Latchkey Kids ---> Slackers ---> At-Home dads - One survey I missed the boat on while I was goofing off this summer was also reported on late by Laura DeMarco of the Oregonian titled Gen X turns out some grade A parents and is worth a read. The premise is that the Generation X kids - the 60 million Americans now between the ages of 25-47 (I barely made the cut!) who were labeled as "slackers" in the 90's are having kids now and more of them are at-home dads. The article points out some stats sprayed to the media late last year from a Reach Advisors survey titled "From Grunge to Grown Up," which surveyed 3,020 Gen X and baby boom parents. This survey spawned several GEN-X articles in the media this spring and summer, (my favorite spin of the media reporting is from daddytypes). The survey noted that "Xers were the first generation with large numbers raised in broken homes (read: Latchkey kids). Almost one third had divorced parents, compared with 13 percent of boomers". With this background they were labeled as spoiled (read Slackers), "mocked in pop culture as lazy, selfish types who would rather spend their time moping in overpriced coffee shops than moving into adulthood." So why did they end up as at-home dads instead of slacker parents? The article quotes James Chung, the president Reach Advisors "Gen Xers grew up in the aftermath of a time of much social upheaval, in an era of rapidly increasing divorce rates and mothers rapidly re-entering the work force, Some of them want to raise their families different from the way they grew up." The bottom line: We are college-educated homebodies and our kids have more fun, more discipline and more time home with us.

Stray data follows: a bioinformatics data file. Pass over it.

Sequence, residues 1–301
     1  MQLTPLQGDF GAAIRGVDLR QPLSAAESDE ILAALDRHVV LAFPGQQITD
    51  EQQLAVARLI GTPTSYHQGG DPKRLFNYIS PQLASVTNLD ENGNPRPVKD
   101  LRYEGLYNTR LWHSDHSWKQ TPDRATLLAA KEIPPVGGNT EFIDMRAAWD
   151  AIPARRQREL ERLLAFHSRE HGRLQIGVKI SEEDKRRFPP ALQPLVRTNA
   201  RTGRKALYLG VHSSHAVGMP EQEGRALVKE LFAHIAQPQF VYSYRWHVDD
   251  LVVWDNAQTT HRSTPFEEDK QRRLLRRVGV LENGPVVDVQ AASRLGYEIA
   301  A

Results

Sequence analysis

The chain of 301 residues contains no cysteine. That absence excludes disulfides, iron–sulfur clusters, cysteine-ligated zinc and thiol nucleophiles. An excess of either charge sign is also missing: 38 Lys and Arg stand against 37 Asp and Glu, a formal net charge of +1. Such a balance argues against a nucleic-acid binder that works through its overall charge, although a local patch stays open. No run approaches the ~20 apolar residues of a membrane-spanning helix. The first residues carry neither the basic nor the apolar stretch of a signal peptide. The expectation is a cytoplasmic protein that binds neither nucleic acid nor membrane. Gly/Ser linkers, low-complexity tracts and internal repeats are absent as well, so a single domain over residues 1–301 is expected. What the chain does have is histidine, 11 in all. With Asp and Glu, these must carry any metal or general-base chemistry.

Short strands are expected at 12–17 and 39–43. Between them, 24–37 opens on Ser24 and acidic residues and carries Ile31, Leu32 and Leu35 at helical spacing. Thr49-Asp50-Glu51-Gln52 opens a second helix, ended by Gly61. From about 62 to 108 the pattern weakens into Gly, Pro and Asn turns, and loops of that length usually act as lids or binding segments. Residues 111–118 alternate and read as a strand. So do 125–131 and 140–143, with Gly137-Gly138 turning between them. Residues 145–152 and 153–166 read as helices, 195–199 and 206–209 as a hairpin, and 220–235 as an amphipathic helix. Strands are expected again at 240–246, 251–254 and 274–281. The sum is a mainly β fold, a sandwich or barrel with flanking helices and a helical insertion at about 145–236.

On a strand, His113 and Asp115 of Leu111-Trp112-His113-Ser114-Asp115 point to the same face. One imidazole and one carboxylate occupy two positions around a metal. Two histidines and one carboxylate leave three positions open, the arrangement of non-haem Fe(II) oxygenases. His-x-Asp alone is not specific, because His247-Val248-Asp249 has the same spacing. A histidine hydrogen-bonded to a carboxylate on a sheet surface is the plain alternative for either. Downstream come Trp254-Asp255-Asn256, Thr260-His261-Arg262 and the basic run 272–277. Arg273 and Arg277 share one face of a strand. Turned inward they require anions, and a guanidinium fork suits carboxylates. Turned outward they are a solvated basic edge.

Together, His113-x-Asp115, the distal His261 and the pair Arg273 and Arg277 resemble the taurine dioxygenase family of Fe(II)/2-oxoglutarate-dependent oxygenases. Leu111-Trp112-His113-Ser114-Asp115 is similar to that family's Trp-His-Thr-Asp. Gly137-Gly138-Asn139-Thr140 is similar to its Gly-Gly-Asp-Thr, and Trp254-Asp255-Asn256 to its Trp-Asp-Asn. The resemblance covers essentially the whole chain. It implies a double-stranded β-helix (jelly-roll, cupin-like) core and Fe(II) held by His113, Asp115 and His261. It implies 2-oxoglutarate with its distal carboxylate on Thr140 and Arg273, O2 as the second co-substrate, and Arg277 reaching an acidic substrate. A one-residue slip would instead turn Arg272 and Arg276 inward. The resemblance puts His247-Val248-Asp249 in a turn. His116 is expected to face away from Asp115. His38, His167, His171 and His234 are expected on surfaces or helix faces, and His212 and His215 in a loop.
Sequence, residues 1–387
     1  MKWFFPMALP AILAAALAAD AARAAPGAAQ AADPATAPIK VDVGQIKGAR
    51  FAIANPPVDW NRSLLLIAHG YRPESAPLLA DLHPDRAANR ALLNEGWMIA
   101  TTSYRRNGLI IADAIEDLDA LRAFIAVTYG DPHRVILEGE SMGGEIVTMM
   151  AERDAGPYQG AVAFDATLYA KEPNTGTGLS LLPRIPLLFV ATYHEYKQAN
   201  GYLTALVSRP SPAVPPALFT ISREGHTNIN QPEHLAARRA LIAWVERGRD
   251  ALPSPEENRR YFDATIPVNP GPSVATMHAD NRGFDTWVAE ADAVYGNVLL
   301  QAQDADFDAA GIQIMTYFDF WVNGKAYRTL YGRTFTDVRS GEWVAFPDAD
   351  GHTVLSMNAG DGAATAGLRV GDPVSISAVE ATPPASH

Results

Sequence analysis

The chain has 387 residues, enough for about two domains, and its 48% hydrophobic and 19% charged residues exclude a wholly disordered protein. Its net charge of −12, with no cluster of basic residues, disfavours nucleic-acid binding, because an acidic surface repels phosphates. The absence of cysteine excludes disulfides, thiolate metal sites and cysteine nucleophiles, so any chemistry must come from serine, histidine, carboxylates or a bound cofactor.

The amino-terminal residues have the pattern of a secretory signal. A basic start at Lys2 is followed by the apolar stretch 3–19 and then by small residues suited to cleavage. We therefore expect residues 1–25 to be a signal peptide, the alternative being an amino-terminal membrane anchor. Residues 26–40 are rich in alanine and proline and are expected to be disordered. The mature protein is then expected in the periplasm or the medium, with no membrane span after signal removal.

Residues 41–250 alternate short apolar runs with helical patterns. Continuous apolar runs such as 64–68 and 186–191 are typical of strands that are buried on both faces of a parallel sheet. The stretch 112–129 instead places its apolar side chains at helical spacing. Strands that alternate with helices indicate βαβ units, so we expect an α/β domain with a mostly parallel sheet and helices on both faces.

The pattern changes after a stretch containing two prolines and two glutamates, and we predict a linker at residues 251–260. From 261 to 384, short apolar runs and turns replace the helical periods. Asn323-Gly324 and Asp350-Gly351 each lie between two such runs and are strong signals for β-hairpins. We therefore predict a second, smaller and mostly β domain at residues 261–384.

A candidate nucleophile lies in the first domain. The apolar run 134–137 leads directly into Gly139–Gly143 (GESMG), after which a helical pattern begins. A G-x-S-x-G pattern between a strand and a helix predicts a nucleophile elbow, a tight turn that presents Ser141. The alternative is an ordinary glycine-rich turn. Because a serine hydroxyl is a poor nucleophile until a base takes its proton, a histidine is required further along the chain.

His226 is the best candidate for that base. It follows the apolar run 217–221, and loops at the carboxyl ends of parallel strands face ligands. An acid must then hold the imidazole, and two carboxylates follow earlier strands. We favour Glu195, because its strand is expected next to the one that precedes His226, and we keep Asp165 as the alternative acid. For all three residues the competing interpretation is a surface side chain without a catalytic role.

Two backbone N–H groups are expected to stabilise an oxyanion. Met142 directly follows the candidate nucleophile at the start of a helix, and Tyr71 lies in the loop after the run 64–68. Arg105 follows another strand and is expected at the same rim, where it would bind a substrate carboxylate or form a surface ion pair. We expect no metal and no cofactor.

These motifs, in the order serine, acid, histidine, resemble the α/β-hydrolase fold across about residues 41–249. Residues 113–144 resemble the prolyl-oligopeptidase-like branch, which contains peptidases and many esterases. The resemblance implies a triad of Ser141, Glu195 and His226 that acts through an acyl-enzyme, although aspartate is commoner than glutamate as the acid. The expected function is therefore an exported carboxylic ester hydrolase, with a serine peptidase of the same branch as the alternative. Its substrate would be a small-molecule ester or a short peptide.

Posted by athomedad at 12:57 PM EDT
Updated: Wednesday, 15 September 2004 4:15 PM EDT
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Tuesday, 14 September 2004
Get me a beer from the bat refrigerator Robin!

BAAMMM!! I couldn't resist this story after my mention, of sports vs. dad heroes last Thursday. Today, a dad dressed up as Batman somehow managed to scale Buckingham palace to draw attention to the organization Fathers 4 Justice. Their aim is to protect fathers? rights to access to their children after marriage breakdown. Apparently Robin couldn't make it past the tight security. Batman finally left his perch after 5 hours as the cold was too much for the caped crusader. Incredibly this isn't the first time this has happened. reports that on Saturday, the London Eye was scaled by another dad from Fathers 4 Justice dressed as Spiderman. Maybe we can hire the Hulk to climb the Golden Gate Bridge for an anti Mr Mom crusade.

KAPOOOW!! "Boys Behaving Badly" is now my my favorite at-home dad playgroup name for a new playgroup out of Australia.

WHAPPP!! Brian Reid reveals his new site design and comments more on the Australian playgroup at rebeldad.

Posted by athomedad at 12:39 AM EDT
Updated: Tuesday, 14 September 2004 12:39 AM EDT
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Thursday, 9 September 2004
Sports Heros vs. Dad Heros

If I were to hire an ad agency to promote at-home dads this would be pretty close to it. I spotted it in the August 23rd Issue of Time magazine. As the photo shows at left,It features a 1970's style baseball card but instead of Pedro Martinez of the Red Sox, we see an unknown  "Jerry Chambers". This generic "DAD" card has him ironing what looks like a pair of slacks with the his profession "Ironer" emblazed on the bottom.